There will be a point in time when media behemoths like Paramount will have licensed content to AI companies from publishers that they've shut down, like MTVNews.com. That would make all that work only accessible through a chatbot's imperfect recollection of that history with no attribution to the humans that did the work behind it. A chunk of our cultural history will only be available through the regurgitations of non-deterministic chatbots, leaving us with a sloppy version of the work humans once did without any benefit to the people behind it.

Where do we even go from here?

A Collaborative Approach

Tim O'Reilly of O'Reilly Media has an obvious solution to this in his essay about solving AI's original sin:

"Pay for the output, not the training [...] When someone reads a book, watches a video, or attends a live training, the copyright holder gets paid. Why should derivative content generated with the assistance of AI be any different?"
My point is that one of the frontiers of innovation in AI should be in techniques and business models to enable the kind of flourishing ecosystem of content creation that has characterized the web and the online distribution of music and video. AI companies that figure this out will create a virtuous flywheel that rewards content creation rather than turning the industry into an extractive dead end.

O'Reilly's concept focuses on building incentives for creation that attribute and give back to the content that helped drive the outputs. This is what he calls the “generative AI supply chain”. If we have to live with AI, we should all be forcing these companies to source and compensate their sources ethically.

"Can you imagine a world where a question to an AI chatbot might sometimes lead to an immediate answer, sometimes to the equivalent of [...] “I can’t do that for you, Dave, but the New York Times chatbot can.” At other times, by agreement between the parties, an answer based on copyrighted data might be given directly in the service, but the rights holder will be compensated."

In an ideal world, independent creators like Rob Markman can do journalism at the source and put it in a package they prefer (video, audio, written, etc.). AI search engines can then source and attribute that content with payment back to the creator when someone asks a related query, even embedding his video for a user to watch the full content for further context.

And O'Reilly isn't just talking the talk; his media company is building exactly this for their "Answers" chatbot:

Because we know what content was used to produce the generated answer, we are able to not only provide links to the sources used to generate the answer but also pay authors in proportion to the role of their content in generating it.

There are still two major issues with this. One of them, O'Reilly specifically calls out, is that these outputs need to be credible. In other words, hallucinations will be a major roadblock in solving these problems.

The other problem is systemic and one we've discussed in this newsletter before:

"What I see here is the further consolidation of the media industry. ChatGPT didn't attempt to look at multiple different news sites for the same story to get multiple perspectives, they chose at most two. In other words: unlike the ten links in Google Search or even the "Full Coverage" option in Google News which enables the user to get multiple viewpoints, ChatGPT is choosing a couple sources based on who made deals with them."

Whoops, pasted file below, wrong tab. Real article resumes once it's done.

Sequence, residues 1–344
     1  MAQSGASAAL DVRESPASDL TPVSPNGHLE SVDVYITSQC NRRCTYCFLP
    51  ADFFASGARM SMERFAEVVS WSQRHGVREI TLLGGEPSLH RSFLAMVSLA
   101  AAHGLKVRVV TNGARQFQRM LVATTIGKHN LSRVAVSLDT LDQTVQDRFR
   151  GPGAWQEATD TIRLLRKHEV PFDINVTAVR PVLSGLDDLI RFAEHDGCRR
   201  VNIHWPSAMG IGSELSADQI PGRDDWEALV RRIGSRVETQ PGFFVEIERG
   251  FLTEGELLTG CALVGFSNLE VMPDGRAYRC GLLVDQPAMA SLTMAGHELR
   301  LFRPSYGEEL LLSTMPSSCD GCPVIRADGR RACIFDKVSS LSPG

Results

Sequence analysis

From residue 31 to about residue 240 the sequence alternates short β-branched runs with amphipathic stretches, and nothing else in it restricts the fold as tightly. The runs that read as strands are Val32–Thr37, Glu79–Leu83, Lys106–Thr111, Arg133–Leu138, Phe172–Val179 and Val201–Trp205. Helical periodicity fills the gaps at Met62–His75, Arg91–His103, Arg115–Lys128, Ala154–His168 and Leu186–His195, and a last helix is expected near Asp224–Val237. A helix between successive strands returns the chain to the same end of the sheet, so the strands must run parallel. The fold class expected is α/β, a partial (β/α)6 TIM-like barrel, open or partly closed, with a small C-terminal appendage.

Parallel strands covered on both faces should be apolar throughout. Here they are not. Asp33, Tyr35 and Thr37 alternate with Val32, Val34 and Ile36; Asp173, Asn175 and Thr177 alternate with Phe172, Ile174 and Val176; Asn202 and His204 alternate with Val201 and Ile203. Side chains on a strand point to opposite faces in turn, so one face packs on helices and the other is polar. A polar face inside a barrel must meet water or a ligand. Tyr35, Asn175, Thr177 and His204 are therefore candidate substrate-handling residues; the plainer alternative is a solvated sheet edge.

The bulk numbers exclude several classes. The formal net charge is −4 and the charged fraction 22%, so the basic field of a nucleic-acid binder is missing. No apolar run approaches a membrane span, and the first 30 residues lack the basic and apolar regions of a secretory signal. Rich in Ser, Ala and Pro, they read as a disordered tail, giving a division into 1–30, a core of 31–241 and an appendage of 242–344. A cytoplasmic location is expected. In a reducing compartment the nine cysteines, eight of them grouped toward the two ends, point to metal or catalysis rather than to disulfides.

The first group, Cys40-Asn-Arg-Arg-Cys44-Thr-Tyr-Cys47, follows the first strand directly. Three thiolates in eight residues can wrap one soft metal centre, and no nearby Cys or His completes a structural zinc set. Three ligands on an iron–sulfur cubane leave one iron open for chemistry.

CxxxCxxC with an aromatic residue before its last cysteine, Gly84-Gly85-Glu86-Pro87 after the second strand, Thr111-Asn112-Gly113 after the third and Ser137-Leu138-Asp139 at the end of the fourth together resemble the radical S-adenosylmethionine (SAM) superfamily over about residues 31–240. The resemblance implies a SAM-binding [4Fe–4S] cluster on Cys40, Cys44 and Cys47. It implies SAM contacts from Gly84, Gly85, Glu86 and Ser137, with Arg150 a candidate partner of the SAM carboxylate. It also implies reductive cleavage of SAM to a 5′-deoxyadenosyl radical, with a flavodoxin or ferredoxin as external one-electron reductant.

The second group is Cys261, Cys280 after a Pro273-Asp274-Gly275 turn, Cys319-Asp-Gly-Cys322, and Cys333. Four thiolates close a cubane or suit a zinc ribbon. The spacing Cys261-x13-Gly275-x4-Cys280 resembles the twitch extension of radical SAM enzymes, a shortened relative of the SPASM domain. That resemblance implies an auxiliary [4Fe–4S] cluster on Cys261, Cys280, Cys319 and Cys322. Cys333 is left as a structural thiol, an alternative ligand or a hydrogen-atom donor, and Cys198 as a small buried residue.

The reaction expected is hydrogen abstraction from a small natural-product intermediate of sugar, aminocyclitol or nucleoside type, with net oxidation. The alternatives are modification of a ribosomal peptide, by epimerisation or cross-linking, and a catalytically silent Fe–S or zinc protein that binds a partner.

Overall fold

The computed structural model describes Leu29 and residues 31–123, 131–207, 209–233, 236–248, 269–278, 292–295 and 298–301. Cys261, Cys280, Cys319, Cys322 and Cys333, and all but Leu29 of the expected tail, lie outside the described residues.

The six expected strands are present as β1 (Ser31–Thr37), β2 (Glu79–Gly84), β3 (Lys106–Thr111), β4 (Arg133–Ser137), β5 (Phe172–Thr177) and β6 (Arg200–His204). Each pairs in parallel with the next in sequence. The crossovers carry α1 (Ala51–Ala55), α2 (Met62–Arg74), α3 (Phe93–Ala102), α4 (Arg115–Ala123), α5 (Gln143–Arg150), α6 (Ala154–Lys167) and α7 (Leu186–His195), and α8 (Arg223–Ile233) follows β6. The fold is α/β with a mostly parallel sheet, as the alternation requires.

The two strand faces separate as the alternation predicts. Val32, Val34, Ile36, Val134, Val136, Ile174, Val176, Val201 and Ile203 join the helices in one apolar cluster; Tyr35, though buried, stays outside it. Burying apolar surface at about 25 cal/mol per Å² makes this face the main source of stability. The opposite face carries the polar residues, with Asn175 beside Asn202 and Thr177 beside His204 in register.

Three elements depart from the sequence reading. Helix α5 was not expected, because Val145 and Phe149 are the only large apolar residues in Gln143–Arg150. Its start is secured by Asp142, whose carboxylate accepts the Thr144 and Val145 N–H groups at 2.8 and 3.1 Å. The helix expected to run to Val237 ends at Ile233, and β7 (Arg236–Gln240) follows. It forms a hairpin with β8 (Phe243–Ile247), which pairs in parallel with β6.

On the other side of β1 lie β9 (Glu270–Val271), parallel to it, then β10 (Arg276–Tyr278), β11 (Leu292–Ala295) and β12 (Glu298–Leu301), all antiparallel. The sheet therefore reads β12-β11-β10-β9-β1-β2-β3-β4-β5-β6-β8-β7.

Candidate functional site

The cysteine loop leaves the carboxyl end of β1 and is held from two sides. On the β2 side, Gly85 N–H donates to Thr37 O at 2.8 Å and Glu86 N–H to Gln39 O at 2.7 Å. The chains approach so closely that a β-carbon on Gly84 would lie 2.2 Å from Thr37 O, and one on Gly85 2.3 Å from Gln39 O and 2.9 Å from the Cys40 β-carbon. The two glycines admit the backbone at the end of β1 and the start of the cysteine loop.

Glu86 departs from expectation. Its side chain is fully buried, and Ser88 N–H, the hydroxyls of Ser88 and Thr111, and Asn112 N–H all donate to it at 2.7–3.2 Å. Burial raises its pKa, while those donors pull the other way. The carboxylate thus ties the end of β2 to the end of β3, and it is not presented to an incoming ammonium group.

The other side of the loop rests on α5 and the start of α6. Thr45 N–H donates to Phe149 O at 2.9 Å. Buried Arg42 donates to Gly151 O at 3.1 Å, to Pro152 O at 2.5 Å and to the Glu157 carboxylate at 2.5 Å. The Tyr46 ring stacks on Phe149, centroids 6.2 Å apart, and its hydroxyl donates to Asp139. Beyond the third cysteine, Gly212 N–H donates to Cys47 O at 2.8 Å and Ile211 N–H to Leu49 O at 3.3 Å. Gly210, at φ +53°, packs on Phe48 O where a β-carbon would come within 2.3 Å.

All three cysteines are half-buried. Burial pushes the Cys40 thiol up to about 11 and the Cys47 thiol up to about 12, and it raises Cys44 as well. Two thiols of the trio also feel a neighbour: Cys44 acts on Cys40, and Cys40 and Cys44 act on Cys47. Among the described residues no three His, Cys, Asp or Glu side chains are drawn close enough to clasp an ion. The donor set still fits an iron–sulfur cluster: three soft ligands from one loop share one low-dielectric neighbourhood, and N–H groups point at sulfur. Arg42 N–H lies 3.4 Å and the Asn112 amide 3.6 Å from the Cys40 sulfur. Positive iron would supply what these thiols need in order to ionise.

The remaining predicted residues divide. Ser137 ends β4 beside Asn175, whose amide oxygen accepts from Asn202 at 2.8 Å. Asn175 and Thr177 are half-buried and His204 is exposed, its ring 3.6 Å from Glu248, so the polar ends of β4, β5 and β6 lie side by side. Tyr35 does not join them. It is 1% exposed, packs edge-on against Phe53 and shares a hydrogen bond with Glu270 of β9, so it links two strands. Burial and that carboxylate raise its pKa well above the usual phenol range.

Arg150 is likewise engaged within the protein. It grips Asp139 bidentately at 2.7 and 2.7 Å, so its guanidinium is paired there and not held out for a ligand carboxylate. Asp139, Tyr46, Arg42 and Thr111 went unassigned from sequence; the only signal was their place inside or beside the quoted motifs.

While a compensation model that aligns with license holders is a step forward, we don't live in that ideal world I mentioned before, and larger media conglomerates are likely to win the chatbot response lottery. Google Search already prioritizes more established brands in its search algorithm, so we don't have much evidence that it'll be different this time.

So, while AI tools are seemingly inevitable and can benefit creators if built right, the best distribution tools will always be the ones that help creators directly interact with their communities and enable them to own their content. Ultimately, the solution must still be building your web of webs to elevate independent creation.

As I said in the previous issue:

"The new web economy is handmade, original, and delivered by humans. That's quite delightful if you ask me."

More on that part in the future.

For now, I hope that in this cycle of tech platforms, we have more companies like O'Reilly – building with empathy for the creators behind the work that powers their products instead of treating them as free resources for slop.

I hope you enjoyed this issue of Human-Generated Content! If you want to be notified of future issues and other posts on augment, you can follow on RSS or subscribe here for free. You can also follow me directly on Threads and Mastodon.


MTV News Website Goes Dark, Archives Pulled Offline
The website of the already-defunct MTV News has been fully pulled offline.
Major record labels sue AI company behind “BBL Drizzy”
Two major names in AI music are being sued by the RIAA.
Paramount Axes Comedy Central Site, 25+ Years of Daily Show Clips Gone
One of the richest repositories of late-night videos—including 25 years of clips from ‘The Daily Show’ and the entire run of ‘The Colbert Report’—is no longer.
OpenAI and Anthropic are ignoring an established rule that prevents bots scraping online content
OpenAI and Anthropic have said publicly they respect robots.txt. But they are among the biggest tech companies ignoring the rule, BI has learned.

Culture Erased

MTV News Repository of 460,000 Articles Launched by Internet Archive After Paramount’s Content Takedown
After Paramount pulled MTV News offline, the Internet Archive assembled a searchable index of 460,575 pages previously published at mtv.com/news.
The Internet Archive’s last-ditch effort to save itself
Connect with Lunduke and other members of Lunduke community
The New Alt Media and the Future of Publishing - Anil Dash
A blog about making culture. Since 1999.

And Regurgitated

What’s really going on with “Ghostwriter” and the AI Drake song?
Something doesn’t make sense.

A Collaborative Approach

How to Fix

Erasure and Slop

Human Generated Content: Issue 4